Sociolinguistics in Japanese Contexts

By Tetsuya Kunihiro; Fumio Inoue et al. | Go to book overview

21. The microtoponymy of a limited area considered as
part of the vocabulary of an idiolect

0. Introductory notes by the editors

This paper is concerned with place names, a topic which is one of Dr. Sibata’ s main concerns. Proper names are often treated as a phenomenon of “langue” in Saussurean terms. Dr. Sibata however treats proper names as evidence for idiolectal differences in vocabulary. Individual differences can thus be treated from a sociolinguistic point of view.

The author attempts a complete description of the place names employed by individuals, and compares the results. Individual characteristics were explicable by the extra-linguistic behavior of informants. He also draws upon the extra-linguistic behavior of informants to explain individual characteristics in place name usage.

This paper was prepared in collaboration with Fumio Inoue and was read at the Melbourne Linguistic Circle, May 30, 1973.


1. Introduction

Place names can be divided into two classes, namely, “small area” place names and “large area” place names, according to whether they refer to an area which is finely partitioned or not. Thus Nippon ‘Japan’ is a “large area” place name, and Tanagai, a subsection of the Kawanishi section in the Machino-machi area, Wajima City, Ishikawa Prefecture certainly is a “small area” place name. However, compared with Ajia ‘Asia’, Nippon ‘Japan’ is a “small area” place name. Moreover, Tanagai itself is further subdivided into three hamlets. Compared with Shimo-ji, one of the three hamlets, Tanagai is a “large area” place name. Thus, since fineness of distinction is relative, whether a place name is a “large area” place name or a “small area” place name cannot be determined until the standard of measurement is determined.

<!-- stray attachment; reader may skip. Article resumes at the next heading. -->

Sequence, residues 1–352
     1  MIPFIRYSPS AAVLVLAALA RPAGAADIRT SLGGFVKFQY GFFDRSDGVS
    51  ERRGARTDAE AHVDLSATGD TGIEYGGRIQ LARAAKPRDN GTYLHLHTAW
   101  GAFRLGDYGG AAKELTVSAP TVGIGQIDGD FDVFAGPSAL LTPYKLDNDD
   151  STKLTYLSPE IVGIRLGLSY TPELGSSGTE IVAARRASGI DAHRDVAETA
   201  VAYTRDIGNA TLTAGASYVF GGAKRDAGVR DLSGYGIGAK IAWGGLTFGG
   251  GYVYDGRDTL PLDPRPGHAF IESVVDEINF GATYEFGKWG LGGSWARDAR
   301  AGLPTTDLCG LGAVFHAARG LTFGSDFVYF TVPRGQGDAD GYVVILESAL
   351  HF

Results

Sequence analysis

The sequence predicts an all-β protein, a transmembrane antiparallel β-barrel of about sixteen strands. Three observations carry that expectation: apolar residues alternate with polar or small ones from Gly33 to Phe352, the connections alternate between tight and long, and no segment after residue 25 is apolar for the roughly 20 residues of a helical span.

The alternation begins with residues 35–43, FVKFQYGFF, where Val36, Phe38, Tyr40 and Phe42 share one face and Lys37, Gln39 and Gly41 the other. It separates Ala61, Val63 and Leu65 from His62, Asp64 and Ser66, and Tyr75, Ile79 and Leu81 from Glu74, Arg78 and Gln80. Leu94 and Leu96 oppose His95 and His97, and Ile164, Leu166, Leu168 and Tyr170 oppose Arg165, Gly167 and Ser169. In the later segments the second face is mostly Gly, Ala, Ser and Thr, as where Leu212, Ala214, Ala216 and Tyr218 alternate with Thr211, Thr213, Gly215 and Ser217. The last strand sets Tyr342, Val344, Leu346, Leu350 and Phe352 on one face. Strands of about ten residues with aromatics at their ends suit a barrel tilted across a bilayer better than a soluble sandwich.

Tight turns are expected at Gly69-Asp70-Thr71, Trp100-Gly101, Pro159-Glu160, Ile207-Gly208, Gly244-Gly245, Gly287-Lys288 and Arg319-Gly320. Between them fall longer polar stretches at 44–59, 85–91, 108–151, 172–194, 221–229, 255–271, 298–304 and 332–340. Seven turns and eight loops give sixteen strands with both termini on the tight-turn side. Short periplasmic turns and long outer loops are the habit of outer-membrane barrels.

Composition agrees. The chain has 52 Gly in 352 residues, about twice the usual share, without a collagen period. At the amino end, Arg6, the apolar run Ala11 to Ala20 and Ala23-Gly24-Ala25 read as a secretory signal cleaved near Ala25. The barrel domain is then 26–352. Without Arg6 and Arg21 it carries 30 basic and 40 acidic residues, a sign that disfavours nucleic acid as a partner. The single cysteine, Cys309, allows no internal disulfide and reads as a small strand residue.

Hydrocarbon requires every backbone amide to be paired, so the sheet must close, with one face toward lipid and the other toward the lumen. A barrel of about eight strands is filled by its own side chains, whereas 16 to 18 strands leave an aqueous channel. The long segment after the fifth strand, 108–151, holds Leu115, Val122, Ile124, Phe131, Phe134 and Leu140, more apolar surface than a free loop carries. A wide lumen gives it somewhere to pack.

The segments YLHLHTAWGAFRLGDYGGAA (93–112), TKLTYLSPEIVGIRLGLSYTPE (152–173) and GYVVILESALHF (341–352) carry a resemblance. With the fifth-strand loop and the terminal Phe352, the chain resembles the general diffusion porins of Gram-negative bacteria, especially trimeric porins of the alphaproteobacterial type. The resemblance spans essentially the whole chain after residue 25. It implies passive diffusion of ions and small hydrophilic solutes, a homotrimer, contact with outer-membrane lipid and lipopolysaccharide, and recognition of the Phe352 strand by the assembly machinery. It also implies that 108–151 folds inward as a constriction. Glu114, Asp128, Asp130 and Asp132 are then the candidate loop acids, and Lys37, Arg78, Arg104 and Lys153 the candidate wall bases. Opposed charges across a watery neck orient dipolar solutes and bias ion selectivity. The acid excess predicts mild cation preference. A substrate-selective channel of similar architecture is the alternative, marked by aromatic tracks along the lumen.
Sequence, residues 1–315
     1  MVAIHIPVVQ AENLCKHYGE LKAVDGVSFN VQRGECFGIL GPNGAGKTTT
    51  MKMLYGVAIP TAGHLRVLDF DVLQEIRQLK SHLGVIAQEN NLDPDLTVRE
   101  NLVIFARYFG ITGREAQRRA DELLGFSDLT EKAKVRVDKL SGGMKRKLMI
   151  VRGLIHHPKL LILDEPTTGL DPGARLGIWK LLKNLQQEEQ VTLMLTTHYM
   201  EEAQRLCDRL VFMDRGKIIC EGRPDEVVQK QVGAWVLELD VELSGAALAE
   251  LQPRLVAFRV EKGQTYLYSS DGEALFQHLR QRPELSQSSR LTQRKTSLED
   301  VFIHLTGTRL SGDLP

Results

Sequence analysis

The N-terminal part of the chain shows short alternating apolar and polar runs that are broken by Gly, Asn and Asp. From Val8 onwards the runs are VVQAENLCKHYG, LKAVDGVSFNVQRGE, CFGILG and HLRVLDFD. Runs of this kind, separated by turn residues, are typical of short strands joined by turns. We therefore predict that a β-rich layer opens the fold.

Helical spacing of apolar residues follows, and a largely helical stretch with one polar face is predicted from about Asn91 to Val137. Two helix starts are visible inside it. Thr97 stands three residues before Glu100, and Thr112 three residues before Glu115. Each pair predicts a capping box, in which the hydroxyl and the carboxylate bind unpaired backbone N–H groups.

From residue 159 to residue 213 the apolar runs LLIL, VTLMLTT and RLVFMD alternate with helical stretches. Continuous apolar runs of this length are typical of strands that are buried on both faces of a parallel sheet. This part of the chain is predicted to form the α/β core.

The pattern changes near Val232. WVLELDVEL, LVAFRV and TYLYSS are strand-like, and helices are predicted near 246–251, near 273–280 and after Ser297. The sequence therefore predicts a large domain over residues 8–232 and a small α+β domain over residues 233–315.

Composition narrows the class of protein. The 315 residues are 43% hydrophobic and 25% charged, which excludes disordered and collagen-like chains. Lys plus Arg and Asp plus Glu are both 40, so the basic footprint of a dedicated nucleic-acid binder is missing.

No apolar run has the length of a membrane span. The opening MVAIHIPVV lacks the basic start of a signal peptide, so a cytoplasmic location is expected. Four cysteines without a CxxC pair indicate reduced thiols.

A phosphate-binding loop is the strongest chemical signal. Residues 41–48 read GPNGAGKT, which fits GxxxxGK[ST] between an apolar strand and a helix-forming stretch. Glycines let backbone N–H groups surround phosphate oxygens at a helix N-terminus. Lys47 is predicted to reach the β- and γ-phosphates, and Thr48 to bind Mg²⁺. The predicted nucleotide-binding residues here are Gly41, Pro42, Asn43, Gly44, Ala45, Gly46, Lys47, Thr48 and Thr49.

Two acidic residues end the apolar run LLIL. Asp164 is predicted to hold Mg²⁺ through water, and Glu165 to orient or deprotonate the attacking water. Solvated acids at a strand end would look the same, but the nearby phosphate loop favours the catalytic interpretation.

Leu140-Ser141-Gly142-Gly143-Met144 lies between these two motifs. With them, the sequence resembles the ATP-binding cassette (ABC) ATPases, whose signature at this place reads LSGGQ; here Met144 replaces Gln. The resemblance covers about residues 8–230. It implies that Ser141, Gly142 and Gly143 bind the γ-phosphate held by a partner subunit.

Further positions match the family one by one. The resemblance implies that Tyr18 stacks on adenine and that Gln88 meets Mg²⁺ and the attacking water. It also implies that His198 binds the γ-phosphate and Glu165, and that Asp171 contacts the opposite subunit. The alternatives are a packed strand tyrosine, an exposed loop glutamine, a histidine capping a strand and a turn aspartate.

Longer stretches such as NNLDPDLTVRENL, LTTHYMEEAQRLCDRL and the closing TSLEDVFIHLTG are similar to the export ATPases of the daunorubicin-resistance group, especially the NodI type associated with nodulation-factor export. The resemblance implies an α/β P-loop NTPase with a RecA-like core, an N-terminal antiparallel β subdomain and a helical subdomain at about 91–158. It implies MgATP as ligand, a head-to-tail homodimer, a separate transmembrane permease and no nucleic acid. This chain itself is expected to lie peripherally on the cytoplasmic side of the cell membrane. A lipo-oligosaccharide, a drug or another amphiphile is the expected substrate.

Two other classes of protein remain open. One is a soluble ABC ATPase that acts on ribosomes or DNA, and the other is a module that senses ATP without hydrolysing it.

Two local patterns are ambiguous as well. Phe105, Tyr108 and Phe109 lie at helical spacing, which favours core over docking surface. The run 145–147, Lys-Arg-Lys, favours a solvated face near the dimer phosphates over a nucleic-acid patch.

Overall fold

Nevertheless, as there are such things as the “largest area” place names and the “smallest area” place names, the relative fineness of distinction is delimited by these two extremes. Therefore, taking the “smallest area” place names as our starting point, we propose to consider as “micro-place names” all place names up to a certain degree of fineness of distinction. Irrespective of the degree of fineness with which one chooses to delimit the concept of micro-place name, one characteristic which comes to light when such place names are compared with other place names is that most of them are not recorded on general purpose maps (i.e., they are “unrecorded place names”). Another characteristic is that they are much more numerous than other place names. In addition, micro-place names are very close to the individuals’ living in the area in question; they constitute an important pail of their vocabulary, and are indispensable in everyday life. It is considerations of this kind which have led us to single out micro-place names

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